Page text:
Hillary Freeman, a special education attorney, spoke to parents about how to best prepare for their child's individualized education plan (IEP) meetings Wednesday night in the library of Edison Intermediate School.
Sponsored by the Parent Teacher Council-Special Education Committee, Freeman, who has offices in Princeton, Freehold and Haddonfield, spoke for 90 minutes and offered best practice tips for parents of elementary, middle and high school students.
Freeman stressed that an IEP should, as its name suggests, be individualized. She noted that it is designed to address more than simply academic goals. If a child has a disability that adversely impacts his or her ability to learn, whether it be emotional, behavioral, social or cognitive, he or she can be evaluated to assess whether he or she will be eligible for an IEP, which could then serve as a goal-oriented roadmap toward achieving success and ultimately independence.
In additon to her legal expertise, Freeman has first-hand experience advocating for the special education population. She told attendees that her adult brother has autism and noted that the advice she was about to share contained many of the steps her family followed to secure the best possible future for her sibling.
When it comes to creating an IEP, the attorney spoke of the importance of writing SMART goals: Specific, Measurable, Attainable, Relevant and Time-based. As parents are part of the planning team, Freeman said some things to think about prior to the meeting are:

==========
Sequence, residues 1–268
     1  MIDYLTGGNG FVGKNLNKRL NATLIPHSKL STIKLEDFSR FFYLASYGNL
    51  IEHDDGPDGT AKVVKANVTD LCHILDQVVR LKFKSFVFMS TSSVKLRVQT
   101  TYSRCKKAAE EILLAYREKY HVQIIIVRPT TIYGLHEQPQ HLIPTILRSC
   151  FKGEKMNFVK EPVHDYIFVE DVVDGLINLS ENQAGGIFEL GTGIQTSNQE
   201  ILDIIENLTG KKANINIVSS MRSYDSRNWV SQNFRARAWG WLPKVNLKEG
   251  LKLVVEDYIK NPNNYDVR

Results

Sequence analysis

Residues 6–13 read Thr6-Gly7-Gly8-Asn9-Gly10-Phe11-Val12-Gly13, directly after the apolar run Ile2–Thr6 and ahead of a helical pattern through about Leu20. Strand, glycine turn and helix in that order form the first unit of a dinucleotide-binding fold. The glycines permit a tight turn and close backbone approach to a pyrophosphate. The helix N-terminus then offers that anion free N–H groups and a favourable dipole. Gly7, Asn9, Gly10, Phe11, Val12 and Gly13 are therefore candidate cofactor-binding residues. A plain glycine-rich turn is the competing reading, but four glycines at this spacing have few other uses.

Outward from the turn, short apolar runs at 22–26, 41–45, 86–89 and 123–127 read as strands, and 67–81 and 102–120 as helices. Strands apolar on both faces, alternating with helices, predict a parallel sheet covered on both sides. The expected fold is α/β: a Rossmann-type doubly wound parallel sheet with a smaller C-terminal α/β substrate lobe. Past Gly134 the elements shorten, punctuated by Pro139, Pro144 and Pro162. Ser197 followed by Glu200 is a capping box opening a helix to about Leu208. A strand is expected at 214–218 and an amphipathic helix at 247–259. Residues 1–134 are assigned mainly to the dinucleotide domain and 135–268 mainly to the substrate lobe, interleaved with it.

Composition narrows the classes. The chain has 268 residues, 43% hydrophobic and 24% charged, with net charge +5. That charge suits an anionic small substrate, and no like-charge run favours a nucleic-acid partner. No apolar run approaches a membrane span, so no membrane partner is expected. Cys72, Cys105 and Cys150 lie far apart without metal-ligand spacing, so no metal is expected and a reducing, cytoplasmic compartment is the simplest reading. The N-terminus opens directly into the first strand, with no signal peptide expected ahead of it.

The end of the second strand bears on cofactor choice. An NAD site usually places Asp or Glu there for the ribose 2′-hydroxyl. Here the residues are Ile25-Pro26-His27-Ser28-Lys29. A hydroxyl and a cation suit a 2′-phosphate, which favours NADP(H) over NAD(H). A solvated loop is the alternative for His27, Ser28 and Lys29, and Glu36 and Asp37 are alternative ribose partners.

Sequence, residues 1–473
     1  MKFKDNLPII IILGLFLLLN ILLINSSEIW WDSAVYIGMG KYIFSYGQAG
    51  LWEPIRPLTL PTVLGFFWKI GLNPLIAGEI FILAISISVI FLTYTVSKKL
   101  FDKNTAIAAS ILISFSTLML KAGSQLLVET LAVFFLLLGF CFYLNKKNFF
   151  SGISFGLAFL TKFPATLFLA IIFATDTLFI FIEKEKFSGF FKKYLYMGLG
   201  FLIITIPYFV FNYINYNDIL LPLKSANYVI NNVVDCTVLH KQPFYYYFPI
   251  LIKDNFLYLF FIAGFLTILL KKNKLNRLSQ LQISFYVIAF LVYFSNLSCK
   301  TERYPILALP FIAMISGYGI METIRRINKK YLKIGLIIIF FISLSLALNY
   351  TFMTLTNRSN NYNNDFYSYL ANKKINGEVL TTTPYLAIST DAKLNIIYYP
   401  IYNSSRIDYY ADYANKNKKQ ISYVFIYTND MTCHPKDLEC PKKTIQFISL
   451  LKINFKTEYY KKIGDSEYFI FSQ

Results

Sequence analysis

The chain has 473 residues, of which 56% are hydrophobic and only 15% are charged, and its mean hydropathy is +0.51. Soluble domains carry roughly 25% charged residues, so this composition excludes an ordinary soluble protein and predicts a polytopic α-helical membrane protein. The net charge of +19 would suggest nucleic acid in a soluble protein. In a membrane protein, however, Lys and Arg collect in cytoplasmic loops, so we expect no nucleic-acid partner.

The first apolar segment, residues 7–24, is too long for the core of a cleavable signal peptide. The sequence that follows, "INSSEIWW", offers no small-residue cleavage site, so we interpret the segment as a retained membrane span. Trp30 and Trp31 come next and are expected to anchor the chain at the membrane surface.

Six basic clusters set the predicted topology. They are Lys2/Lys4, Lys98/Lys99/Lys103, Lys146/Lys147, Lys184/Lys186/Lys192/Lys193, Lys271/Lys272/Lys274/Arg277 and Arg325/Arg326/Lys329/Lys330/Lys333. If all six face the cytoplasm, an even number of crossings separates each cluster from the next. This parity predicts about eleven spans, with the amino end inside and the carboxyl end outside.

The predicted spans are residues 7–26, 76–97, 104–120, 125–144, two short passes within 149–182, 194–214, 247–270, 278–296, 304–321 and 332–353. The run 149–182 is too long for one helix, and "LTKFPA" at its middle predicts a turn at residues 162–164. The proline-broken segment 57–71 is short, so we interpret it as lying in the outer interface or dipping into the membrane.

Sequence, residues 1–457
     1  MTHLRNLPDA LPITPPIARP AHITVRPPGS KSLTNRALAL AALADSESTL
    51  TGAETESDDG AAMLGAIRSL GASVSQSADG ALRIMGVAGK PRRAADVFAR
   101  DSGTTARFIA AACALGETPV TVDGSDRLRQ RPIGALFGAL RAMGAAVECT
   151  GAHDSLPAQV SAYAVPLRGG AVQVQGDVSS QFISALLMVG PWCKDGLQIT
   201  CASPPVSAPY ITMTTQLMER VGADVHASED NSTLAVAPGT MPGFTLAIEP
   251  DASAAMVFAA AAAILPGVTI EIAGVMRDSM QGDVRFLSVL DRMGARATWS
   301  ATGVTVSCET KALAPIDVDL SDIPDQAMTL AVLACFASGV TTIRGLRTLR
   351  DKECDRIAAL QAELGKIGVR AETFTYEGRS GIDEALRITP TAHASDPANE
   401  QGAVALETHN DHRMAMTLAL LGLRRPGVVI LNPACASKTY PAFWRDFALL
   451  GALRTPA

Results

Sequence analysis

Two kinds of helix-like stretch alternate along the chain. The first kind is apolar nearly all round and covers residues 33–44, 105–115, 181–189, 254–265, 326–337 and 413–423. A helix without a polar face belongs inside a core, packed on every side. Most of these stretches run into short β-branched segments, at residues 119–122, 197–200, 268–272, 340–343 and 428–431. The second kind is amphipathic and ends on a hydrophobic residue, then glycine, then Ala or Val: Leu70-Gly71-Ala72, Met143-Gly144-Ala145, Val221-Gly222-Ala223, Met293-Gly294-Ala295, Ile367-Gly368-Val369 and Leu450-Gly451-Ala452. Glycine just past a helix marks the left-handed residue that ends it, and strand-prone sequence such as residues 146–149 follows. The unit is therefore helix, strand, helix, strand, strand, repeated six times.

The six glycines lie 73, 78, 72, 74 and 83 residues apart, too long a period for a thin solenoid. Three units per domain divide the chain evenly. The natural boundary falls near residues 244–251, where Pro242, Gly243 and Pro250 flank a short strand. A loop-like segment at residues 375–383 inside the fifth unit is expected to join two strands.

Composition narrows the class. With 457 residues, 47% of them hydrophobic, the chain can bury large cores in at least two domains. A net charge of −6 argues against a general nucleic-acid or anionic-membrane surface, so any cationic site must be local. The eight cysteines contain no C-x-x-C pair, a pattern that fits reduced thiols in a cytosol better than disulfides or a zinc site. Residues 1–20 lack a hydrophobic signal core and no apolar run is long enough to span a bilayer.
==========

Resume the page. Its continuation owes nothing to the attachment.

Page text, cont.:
- Where was the student before this year? Look back to the previous IEP, progress reports or email correspondence for detailed information.
- How is your child performing? How are they performing academically, socially, emotionally?
- Where should they be one year from now?
- How are we going to get there?
Throughout her presentation, Freeman fielded questions from attendees and repeatedly suggested that parents not sign their child's IEP at the meeting. She also shared 10 statements that should raise red flags for parents. They are as follows:
- "We don't offer that here. This is all we offer."
- "We know you want an independent evaluation but we have the right to do it first."
- "Your child is not entitled to ESY (Extended School Year) if he/she is in this class."
- "We think your child should be in a different class because of his/her behaviors."
- "We don't need to reevaluate your child child because we know he/she is still eligible."
- Repeated goals.
- Behaviors but no BIP (Behavior Intervention Plan); a BIP but no FBA (Functional Behavior Assessment)
- "He needs medication."
- Reduction in services
- "We received your request for evaluations during vacation."
Freeman also touched on the importance of transition plans, which can begin as early as when a child is 14 years old, to determine what the child might do following graduation and if certain accomodations will be necessary down the road.
Following her presentation, Westfield parents had an opportunity to meet with the attorney one-on-one for 10 minutes to discuss their child's IEPs at no charge.
Prior to Freeman's talk, Helene Bernstein Bergman, co-chair of the Special Education Committee, announced that the next regular meeting will be held at 7:30 p.m. on Feb. 20. An extension of Wednesday's meeting, parents can join in an IEP roundtable where they will be divided by their child's age and have a chance to discuss how best to prepare for their upcoming meetings.
The Special Education Committee is also in the planning stages for its annual symposium. The expo, which features eight to 10 speakers, will be held March 20.
For more information about Freeman, visit Freeman Law Offices' website or call 609-955-3529. For more information about the Westfield Special Education Committee, visit http://www.westfieldnjk12.org/education/dept/dept.php?sectionid=1501